Atlantic City is incredible. It was a cool dark night. We zoomed along the dark highways, up over the hill, and there it was. On the horizon. Miles away, but we knew what it was. Red neon, towering buildings all clumped together. The thing that really struck me, and probably strikes everyone, is the absolute poverty surrounding all of these lush out-of-hand casinos. It was the grossest poorest city you can imagine. I couldn't believe people lived in the burned-out war-torn this-property-is-condemned buildings I saw. And in total view, wherever you are, are these towering glittering castles with flashing lights and laser beams. There was a 3-D laser show in the air. I found the whole thing very depressing. It was all very interesting, and filled with great people-watching opportunities, but it was too much.

As we strolled through the Taj Mahal in all its mirrored tacky splendor, I was conscious, almost the entire time, of the blackened bombed-out dead town surrounding.

What a drag.

But besides that: quel spectacle!

There was so much to look at. Too much. We played $6 worth of nickel slot machines, and won nothing. Not a cent.

Every employee was dressed to the hilt in Taj Mahal garb. The cocktail waitresses walking around … the first one I saw, it was as though it was a slap in the face. So this is what we have become. After all this evolution. Look at what we have become. Look at what men want women to be. The waitresses were dressed up as circus horses. Feathers on heads. Feathers on heads. Prance in a circle, girls. Show your legs. Ruffle your feathers for us.

One day, Tonz and I were walking down near Independence Mall and we passed a horse and buggy, sitting at the curb, waiting for a tourist to come along for a ride. And the horse had blinders on – heavily strapped in—just standing there – patiently – just standing – How that horse wanted to be free of the harness, and straps, and not have to clod along on pavement, but to be in a field, mane flowing, running as fast as he wanted to run. The horse, just standing there, had a little American flag on his head. A little sad drooping flag. God, it just made me want to cry. It was the flag that killed me. the taking away of this horse's dignity.

'That horse doesn't want to have a flag on his head." I said.

Tonio looked, saw, saw what I saw, felt what I felt, and took my hand. We walked a little more.

Tonio said, "Stuff like that makes me want to cry."

We looked at each other, both our eyes filled with tears.

Two years. Pretty good.

So anyway, at first, when I saw my first Taj Mahal cocktail waitress, that was how I felt. Look at her. Look at what they have made her into. In a supposedly civilized world.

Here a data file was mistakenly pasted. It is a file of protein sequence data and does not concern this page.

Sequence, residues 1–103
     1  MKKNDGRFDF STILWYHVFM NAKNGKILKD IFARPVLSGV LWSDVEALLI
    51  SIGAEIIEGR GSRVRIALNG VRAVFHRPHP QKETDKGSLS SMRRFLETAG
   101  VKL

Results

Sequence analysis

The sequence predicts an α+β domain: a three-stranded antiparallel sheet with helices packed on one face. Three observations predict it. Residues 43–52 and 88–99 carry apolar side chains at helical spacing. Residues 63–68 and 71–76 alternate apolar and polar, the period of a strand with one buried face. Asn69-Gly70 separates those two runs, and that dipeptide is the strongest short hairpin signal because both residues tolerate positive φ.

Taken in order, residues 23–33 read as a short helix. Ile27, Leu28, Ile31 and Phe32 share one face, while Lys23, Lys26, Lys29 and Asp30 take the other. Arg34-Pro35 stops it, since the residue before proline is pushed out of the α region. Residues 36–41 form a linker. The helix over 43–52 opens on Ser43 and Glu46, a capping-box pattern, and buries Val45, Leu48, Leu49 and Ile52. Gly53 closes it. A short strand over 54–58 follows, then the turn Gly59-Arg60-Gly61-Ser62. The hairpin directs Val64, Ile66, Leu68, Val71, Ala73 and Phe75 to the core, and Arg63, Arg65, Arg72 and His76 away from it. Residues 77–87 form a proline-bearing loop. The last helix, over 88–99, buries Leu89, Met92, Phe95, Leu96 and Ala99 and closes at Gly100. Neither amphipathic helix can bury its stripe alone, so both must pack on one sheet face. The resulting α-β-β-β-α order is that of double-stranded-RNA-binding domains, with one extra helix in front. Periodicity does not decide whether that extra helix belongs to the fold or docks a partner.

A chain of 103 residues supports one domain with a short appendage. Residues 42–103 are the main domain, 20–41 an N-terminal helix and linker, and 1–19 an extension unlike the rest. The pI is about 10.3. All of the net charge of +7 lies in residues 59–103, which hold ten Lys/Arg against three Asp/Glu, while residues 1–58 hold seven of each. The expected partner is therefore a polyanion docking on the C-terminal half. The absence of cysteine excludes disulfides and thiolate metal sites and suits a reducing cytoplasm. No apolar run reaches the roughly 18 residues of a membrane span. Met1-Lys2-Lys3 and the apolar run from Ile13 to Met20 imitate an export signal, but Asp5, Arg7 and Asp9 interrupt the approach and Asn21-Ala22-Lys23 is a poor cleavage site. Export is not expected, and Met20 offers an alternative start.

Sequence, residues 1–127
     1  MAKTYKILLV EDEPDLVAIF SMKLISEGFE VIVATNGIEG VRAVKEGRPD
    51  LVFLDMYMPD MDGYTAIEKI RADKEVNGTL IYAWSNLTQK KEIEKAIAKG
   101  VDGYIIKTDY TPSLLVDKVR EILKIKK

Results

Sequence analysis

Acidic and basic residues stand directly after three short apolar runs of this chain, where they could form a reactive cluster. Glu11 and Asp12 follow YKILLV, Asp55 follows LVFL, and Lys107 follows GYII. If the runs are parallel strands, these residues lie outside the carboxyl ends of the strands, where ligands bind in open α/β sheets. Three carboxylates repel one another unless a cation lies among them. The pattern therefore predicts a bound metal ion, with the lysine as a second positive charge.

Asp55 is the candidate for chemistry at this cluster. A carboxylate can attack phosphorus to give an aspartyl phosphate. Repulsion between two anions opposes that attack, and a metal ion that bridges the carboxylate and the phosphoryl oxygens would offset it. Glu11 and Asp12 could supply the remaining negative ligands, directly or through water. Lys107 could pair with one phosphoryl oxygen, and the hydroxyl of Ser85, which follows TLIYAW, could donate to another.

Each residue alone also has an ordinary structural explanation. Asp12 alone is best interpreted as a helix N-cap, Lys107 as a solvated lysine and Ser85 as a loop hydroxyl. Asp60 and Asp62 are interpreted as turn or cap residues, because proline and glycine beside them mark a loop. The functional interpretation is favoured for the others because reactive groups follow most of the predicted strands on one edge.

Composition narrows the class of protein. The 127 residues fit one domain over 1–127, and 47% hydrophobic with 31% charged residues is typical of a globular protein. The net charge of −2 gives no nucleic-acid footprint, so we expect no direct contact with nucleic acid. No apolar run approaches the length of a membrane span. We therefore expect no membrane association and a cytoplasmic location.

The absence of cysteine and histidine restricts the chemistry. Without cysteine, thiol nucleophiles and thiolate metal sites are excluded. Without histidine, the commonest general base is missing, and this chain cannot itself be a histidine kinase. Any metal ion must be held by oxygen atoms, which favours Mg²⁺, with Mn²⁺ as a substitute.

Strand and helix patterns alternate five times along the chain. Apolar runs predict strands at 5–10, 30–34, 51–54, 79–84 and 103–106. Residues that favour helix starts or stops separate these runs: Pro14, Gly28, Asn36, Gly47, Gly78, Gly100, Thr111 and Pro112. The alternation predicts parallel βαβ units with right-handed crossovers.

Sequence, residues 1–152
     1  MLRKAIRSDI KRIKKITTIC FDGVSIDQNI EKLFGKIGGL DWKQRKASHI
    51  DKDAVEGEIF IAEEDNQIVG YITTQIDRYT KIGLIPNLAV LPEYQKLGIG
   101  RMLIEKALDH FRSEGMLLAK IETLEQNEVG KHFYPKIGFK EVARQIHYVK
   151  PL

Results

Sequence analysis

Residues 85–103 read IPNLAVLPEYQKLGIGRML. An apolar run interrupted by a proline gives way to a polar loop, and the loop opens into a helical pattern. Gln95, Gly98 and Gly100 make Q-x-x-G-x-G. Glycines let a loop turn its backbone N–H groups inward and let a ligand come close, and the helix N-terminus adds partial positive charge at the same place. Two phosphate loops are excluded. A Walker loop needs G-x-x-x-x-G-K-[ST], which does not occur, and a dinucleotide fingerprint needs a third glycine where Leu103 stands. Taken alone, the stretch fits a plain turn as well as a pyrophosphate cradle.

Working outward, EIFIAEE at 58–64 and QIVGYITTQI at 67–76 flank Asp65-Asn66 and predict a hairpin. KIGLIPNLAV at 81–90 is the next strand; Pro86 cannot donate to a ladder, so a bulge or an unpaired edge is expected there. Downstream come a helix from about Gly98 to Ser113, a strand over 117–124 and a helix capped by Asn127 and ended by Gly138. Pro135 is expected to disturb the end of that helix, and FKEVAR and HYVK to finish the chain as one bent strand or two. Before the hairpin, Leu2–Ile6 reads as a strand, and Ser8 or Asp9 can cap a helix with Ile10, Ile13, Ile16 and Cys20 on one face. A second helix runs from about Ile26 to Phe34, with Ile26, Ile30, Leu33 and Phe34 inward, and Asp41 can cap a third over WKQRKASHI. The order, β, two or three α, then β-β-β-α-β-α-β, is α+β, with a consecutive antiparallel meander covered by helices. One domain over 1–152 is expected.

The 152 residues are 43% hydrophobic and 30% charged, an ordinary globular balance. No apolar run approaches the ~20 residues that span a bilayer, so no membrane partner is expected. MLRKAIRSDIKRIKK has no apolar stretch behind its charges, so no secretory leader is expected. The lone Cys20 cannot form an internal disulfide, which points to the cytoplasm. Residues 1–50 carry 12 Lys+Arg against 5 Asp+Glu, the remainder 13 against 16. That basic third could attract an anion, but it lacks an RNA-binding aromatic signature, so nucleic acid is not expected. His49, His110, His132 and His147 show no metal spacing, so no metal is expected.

But then I thought:

She's not passive. Or unaware. Or stupid, like the horse. And someday I may find myself in the same kind of costume. If not as a waitress, then as a Hat Box Girl in Guys and Dolls … and I'm sure I won't feel exploited. Or used. Or like evolution has failed. And I am the symbol of the objectification of women. I will still be me. I have power. I make choices. Everybody makes choices. Those cocktail waitresses aren't idiots. No one makes me into something I don't want to be.

And by the end of the night, watching them stroll about … Yeah, it sucks, that there is this image of women … but these women looked damn tough. They looked in control. Not passive, like the horse with the drooping flag on his head. They strutted about proudly, tough women. They were just wearing costumes, like actresses.

Okay, I have just discovered the difference, and here it is:

In Boston, Tonio and I hung out on our roof all the time. From our roof we had a view of The Holiday Inn at the bottom of the hill. And on the top floor was a bar, all glass windows, with pink neon, and then late at night, whirling lights. And we used to laugh about that bar. It just looked so cheesy. Tonio said it probably had a name like "Raspberries" or something. Then when we got our telescope, we inspected "Raspberries" up close. So close that we could see the suspenders on the bartender, and the pink neon glinting off his bald head. We could also see what those pink swirly letters spelled out as the name of the bar. Not Raspberries. But Reflections. In spite of this, we still called it Raspberries. We couldn't help it. It just seemed to fit.

On our last night in Boston, we took a traipse to all our old haunts, even though it was raining. We had a big dinner, took a walk, and decided on a whim to go up and check out Raspberries. I was wearing hightops and chemical pants, going up to this sleazy hotel pick-up bar. It was sleazy in a very slick disco-tech way. Swirling flashing lights, trying to create an atmosphere of excitement and possibility, chrome, cushioned seats, round tables, a little round dance floor.